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Point/counterpoint: Who will win the NCAA Tournament?

BY DI STAFF | APRIL 02, 2012 6:30 AM

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Kansas

Tonight's NCAA Tournament championship features two teams accustomed to sticking around for the last song of the Big Dance.

The Kentucky Wildcats are a formidable foe for the Kansas Jayhawks, but Thomas Robinson and his teammates are more than capable of taking the title in New Orleans.

Kansas lost to the 'Cats, 75-65, in its second game of the season, but the Jayhawks improved greatly as the season progressed. They had some bad losses during the season, but their wins speak for themselves; they gave the Baylor Bears their first loss of the season and notched a 87-86 overtime win over Missouri during conference play.

The Jayhawks have flourished under the leadership of junior forward Robinson, who paced the team in points and rebounds with 17.9 and 11.8 per game.

Kansas proved its skill and depth even more during the NCAA Tournament than during its stellar regular season. The road to the championship game wasn't easy for the Jayhawks, who used the difficulty to their advantage and flourished.

They first proved this with a win over Purdue in the third round. Kansas overcame a 10-point halftime deficit and scored the go-ahead basket on a turnover with 23 seconds left.

Their next game, against Cinderella North Carolina State, had Jayhawks fans worried again. The team struggled to make baskets but still managed to win by 3 points to advance to the Elite Eight. There, the Jayhawks were able to take advantage of a Kendall Marshall-less North Carolina.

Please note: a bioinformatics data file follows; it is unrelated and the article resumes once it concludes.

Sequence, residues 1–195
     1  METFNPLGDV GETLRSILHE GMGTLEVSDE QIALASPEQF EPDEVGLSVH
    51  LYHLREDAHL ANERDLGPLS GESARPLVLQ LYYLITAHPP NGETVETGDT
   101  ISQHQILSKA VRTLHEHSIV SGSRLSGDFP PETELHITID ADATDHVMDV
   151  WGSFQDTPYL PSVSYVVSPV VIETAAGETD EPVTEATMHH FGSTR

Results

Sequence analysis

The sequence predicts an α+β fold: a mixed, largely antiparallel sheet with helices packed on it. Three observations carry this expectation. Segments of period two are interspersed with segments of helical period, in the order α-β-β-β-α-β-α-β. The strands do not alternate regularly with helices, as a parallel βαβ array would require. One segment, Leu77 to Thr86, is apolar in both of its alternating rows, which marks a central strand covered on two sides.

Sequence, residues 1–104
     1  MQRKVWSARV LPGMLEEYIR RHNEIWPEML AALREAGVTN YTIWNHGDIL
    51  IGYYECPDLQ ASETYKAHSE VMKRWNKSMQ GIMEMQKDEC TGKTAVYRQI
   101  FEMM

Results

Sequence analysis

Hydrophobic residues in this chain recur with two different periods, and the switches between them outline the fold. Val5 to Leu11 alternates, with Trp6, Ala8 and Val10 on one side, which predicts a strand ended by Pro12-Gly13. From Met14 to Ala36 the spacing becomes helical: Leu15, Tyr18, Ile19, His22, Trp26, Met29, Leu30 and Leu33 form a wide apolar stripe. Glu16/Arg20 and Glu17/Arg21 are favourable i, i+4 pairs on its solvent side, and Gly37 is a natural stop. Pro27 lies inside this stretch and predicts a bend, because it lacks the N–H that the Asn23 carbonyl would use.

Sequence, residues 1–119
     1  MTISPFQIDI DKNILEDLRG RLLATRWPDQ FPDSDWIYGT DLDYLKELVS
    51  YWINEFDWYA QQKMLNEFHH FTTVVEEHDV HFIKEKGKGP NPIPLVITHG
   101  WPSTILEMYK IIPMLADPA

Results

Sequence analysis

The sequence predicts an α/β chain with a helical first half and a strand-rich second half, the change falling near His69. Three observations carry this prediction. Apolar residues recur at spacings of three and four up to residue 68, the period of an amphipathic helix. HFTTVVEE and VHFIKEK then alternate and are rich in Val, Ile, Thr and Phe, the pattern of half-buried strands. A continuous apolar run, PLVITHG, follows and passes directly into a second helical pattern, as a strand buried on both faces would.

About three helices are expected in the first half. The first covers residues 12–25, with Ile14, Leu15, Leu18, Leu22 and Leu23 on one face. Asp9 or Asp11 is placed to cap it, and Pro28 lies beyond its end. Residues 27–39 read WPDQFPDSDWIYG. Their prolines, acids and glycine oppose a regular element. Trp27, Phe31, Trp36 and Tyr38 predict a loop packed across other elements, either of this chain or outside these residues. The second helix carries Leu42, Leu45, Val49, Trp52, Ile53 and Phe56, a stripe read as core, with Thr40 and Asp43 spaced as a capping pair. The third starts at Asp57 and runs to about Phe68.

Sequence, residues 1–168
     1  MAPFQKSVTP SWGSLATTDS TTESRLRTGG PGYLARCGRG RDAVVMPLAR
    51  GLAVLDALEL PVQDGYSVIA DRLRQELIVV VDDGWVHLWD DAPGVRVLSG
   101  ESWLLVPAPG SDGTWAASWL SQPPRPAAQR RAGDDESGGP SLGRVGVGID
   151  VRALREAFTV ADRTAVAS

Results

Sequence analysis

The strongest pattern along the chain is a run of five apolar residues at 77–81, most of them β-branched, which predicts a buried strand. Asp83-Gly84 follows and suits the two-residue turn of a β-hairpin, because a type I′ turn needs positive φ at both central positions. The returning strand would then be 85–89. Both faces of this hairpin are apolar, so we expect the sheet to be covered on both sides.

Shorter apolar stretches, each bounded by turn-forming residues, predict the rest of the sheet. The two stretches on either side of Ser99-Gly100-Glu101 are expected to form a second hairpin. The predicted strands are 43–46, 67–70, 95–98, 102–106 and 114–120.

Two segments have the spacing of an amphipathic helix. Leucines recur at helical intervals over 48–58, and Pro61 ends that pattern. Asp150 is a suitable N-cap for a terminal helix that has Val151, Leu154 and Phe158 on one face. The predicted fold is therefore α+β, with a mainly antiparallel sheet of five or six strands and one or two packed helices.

The Jayhawks proceeded to come from behind against Ohio State in the Final Four. Kansas was behind by as many as 13 points but won by 2 and kept its hopes of a fourth national championship alive.

It hasn't always been pretty for the Jayhawks, but their ability to overcome the odds throughout the NCAA Tournament proves they're a championship-caliber team.

Indiana and Vanderbilt proved during the regular season that Kentucky is beatable.

The NCAA championship presents a matchup of two teams playing great basketball, but in the end, Robinson and his Kansas Jayhawks will be able to overcome Anthony Davis and the Wildcats.

Rock. Chalk. Jayhawk.

— by Matt Cabel

Kentucky

Kentucky will win the national championship tonight.

The Wildcats' talent should be the first thing people notice when they sit down to watch the team. The youthful skill and artistry of this year's Wildcats will blind you to the point of disbelief. They aren't much younger than I am, but the numbers they put up easily justify the million-dollar paychecks they'll make in a few months.

But just how talented is John Calipari's group?

Louisville put Kentucky in positions it hadn't been in all tournament long in the teams' semifinal matchup on March 31. Rick Pitino's crew outrebounded the Wildcats, forced more turnovers, and tied Anthony "Eyebrow" Davis' shoelaces together to hang even with Kentucky at 49 with fewer than 10 minutes remaining. The Cardinals nearly gave Big Blue Nation a collective heart attack.

Kentucky still won by 8.

It seems unlikely that many fans thought Kentucky's freshman class could carry the team this far. But at 37-2, it's hard to argue the young men aren't some of the best we may ever see.

They've ripped through the tournament like a wet paper bag. They've won their games by an average of 12.6 points and defeated such talented teams as Indiana and Baylor en route to tonight's title game matchup with Kansas.

That's another thing to keep in mind. Remember when Calipari led his Memphis Tigers to square off against Bill Self's Jayhawks in the 2008 national title game? Mario Chalmers hit a miraculous 3-point shot to send the game into overtime, and Kansas ultimately claimed the title.

I can't think of a better way to get revenge than in completely dominating, "eff you" fashion on college basketball's biggest stage — you know, the same stage that belongs to Davis.

Bow to the 'Brow. We can make fun of him until the Sun comes up, but nobody looks ugly when you add "national champion" to his résumé.

— by Cody Goodwin


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